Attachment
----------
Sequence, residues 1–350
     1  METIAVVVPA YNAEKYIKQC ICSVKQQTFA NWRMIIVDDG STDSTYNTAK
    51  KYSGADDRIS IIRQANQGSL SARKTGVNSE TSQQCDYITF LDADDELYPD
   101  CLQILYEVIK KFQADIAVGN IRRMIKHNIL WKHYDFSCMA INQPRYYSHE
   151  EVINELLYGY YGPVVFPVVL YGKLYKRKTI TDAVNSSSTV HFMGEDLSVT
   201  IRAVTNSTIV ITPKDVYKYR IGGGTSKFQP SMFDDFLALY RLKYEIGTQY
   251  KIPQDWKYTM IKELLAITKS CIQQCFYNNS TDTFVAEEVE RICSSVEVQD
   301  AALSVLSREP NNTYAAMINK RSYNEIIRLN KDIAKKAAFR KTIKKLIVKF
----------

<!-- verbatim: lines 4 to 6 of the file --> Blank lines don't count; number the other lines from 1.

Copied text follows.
   101  CLQILYEVIK KFQADIAVGN IRRMIKHNIL WKHYDFSCMA INQPRYYSHE
   151  EVINELLYGY YGPVVFPVVL YGKLYKRKTI TDAVNSSSTV HFMGEDLSVT
   201  IRAVTNSTIV ITPKDVYKYR IGGGTSKFQP SMFDDFLALY RLKYEIGTQY